The Parco Massari is a historical park in Ferrara. It is the largest green space within the city walls, covering an area of about 4 hectares. It was designed in 1780 by the Ferrara architect Luigi Bertelli for the Marquise Camillo Bevilacqua, and later modified by the Counts Massari in the 19th century to form a park in the “English” style. The park has many centuries-old trees, such as the two cedars of Lebanon at the entrance, a yew, a ginkgo, and a gigantic oak. The park also hosts the Giardini Estensi, a series of events and exhibitions dedicated to green culture, botanical collections, and garden ecology. (Photo 19) – The Orto botanico dell’Università di Ferrara (Botanical Garden of the University of Ferrara) is a small but charming garden that showcases more than 2000 plant species from different regions and climates. The garden was established in 1771 as a place for teaching and research in botany, and it still belongs to the University of Ferrara. The garden is divided into several sections, such as the Mediterranean garden, the succulent plants, the aquatic plants, the medicinal plants, and the greenhouse. The garden also hosts some cultural and educational events, such as the “Meraviglie Botaniche” (Botanical Wonders), a journey through the botanical discoveries of Captain Cook. (Photo 20) – The Palazzo dei Diamanti is a magnificent palace in Ferrara, Italy, that is famous for its facade decorated with more than 8500 diamond-shaped marble blocks. It was built in the late 15th century by the architect Biagio Rossetti for Sigismondo d’Este, a member of the ruling family of Ferrara. The palace houses the National Picture Gallery, which displays a collection of paintings from the 13th to the 18th century, mostly by Ferrarese artists such as Cosmè Tura, Ercole de’ Roberti, Dosso Dossi, and Giovanni Boldini. (Photos 21-29)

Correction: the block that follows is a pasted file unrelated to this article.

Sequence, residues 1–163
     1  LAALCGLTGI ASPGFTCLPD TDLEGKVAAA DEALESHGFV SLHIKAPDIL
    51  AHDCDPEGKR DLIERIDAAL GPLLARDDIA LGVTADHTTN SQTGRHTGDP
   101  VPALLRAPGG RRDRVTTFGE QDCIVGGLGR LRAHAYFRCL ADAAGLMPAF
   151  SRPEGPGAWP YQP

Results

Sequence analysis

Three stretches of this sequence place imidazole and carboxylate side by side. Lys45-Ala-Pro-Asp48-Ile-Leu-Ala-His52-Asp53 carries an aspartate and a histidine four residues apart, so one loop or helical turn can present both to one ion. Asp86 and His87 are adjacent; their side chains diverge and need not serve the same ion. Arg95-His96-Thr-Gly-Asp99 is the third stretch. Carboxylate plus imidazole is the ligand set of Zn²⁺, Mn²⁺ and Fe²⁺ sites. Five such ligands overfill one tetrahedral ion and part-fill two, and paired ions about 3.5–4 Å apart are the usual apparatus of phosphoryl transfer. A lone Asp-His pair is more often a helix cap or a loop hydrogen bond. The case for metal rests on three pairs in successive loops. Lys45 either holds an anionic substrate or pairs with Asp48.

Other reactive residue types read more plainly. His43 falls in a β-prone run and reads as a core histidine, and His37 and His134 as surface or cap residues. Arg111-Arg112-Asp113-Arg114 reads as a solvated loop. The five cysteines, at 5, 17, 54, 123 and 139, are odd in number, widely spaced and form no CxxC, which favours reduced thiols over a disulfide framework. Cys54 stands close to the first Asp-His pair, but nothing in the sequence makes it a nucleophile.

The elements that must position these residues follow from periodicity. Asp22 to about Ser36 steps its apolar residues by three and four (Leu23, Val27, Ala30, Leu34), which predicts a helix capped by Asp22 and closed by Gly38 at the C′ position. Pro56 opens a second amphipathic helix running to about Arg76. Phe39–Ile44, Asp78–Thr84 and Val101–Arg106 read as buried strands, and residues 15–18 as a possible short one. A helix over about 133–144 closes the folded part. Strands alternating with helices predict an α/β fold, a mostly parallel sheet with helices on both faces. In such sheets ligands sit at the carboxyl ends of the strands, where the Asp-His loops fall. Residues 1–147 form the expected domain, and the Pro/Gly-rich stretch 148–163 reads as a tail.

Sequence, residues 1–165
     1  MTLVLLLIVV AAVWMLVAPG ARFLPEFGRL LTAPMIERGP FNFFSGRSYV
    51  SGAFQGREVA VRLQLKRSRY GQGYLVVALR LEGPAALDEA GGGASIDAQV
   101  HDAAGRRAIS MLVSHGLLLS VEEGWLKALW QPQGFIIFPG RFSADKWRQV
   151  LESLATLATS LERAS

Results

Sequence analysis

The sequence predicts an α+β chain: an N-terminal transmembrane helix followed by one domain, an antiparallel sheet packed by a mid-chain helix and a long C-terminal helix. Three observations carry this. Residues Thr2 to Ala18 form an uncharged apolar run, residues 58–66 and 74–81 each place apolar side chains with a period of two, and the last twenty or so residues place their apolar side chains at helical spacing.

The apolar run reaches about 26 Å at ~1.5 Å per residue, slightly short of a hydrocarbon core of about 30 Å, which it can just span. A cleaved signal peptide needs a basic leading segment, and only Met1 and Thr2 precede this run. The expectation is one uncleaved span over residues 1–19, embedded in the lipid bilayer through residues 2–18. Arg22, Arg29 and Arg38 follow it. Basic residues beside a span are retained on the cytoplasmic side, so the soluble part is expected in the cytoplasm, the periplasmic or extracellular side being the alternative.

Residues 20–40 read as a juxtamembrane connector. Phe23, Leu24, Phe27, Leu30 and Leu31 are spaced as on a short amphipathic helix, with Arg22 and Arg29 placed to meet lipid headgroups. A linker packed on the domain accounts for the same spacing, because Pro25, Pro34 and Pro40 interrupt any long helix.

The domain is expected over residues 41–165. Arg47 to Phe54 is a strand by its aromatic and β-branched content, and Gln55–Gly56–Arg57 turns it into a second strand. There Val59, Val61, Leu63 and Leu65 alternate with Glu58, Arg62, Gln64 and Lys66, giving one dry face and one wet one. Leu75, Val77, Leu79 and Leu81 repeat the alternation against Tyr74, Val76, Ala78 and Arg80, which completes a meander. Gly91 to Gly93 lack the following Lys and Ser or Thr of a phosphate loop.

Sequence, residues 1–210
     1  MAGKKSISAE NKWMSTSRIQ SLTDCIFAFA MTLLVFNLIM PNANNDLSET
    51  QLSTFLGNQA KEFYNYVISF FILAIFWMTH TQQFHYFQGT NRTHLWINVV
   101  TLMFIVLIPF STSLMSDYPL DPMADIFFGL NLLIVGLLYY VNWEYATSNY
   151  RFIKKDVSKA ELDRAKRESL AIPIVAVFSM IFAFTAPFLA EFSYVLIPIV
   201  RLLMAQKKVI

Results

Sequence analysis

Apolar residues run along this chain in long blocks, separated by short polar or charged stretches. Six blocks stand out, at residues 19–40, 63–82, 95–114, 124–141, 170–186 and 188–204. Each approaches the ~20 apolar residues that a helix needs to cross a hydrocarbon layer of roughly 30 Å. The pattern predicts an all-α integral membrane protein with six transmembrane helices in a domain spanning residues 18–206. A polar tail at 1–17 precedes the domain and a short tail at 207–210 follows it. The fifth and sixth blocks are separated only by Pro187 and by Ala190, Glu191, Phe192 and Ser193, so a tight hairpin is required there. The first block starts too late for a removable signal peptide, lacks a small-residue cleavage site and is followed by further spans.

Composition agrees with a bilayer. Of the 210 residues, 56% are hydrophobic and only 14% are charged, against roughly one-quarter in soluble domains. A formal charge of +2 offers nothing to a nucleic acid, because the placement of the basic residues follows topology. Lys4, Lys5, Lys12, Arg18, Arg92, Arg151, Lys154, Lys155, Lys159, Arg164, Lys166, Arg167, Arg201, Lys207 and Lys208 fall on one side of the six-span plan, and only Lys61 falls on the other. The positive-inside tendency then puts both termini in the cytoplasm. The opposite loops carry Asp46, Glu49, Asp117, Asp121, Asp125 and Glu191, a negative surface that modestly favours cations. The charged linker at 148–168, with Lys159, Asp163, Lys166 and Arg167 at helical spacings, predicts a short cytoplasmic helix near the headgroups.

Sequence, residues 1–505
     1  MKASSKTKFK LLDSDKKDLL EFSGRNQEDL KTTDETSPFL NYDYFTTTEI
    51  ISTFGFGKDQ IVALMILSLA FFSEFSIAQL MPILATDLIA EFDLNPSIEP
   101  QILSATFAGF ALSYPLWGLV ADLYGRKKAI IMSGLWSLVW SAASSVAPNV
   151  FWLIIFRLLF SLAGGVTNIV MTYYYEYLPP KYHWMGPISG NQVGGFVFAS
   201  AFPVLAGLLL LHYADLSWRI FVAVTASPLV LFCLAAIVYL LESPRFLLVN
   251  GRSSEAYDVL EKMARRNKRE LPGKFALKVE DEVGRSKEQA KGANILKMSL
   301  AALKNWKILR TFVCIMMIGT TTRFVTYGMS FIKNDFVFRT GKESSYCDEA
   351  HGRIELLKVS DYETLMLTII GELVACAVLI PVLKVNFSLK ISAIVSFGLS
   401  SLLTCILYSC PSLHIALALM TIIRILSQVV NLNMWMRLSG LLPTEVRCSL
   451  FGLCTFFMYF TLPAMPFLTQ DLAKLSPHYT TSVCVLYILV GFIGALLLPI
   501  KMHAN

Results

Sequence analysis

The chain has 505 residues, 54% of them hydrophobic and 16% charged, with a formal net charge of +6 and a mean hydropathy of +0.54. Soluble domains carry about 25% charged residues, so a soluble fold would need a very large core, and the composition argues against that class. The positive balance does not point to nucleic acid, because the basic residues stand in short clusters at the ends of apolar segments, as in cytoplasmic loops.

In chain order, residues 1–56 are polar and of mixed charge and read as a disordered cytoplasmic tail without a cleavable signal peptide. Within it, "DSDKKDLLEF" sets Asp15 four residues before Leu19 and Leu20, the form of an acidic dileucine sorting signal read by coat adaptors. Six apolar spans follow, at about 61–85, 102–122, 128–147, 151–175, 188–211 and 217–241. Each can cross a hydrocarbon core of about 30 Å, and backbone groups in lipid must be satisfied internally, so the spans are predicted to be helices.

Corso Porta Mare is a street in Ferrara which runs from Piazzale S. Giovanni to Corso Biagio Rossetti (Photos 22-23-26) – The Chiesa Di San Benedetto is a church in Ferrara, Italy, that was built in the 16th century by the architect Biagio Rossetti for the Benedictine monks. The church has a simple and elegant facade, and a bell tower that was added later in the 17th century. (Photos 24-25) – Corso Porta Po is a street in Ferrara which runs from Corso Biagio Rossetti to Largo Barriere di, Corso Porta Po (Photo 27) – Via S. Giacomo is a street in Ferrara which runs from Via Argine Ducale to Piazzale della Stazione (Photo 28) – Via Borso is a dead end street in Fano which can be found along Corso Porta Mare. Along it is the The Cimitero Monumentale della Certosa is a monumental cemetery in Ferrara, Italy, that is part of the complex of the Certosa di Ferrara, a former monastery. The cemetery was established in 1813, after the Napoleonic suppression of religious orders, and it contains many artistic and historical tombs of notable Ferrarese people, such as writers, artists, politicians, and scientists1. The cemetery is also a museum of funerary art and culture, with sculptures, paintings, and architecture from different periods and styles. (Photos 35-37-38-39-40-41-42-43-44) – The Chiesa di San Cristoforo alla Certosa is a church in Ferrara, Italy, that was part of a former Carthusian monastery. The church was built in 1498 by the architect Biagio Rossetti for the Este family, who ruled Ferrara for centuries. The church has a simple and elegant facade with a marble portal and a statue of the poet Ludovico Ariosto. The interior is grandiose, with a single nave and six lateral chapels.(Photo 36) – The Piazza Ariostea is a unique oval-shaped square in Ferrara, Italy, that was designed by the architect Biagio Rossetti in the late 15th century as part of the Addizione Erculea, a city expansion project. The square is named after the poet Ludovico Ariosto, whose statue stands on a column in the center. The square is also the venue for the Palio di Ferrara, a traditional horse race that takes place every year in May. (Photo 45)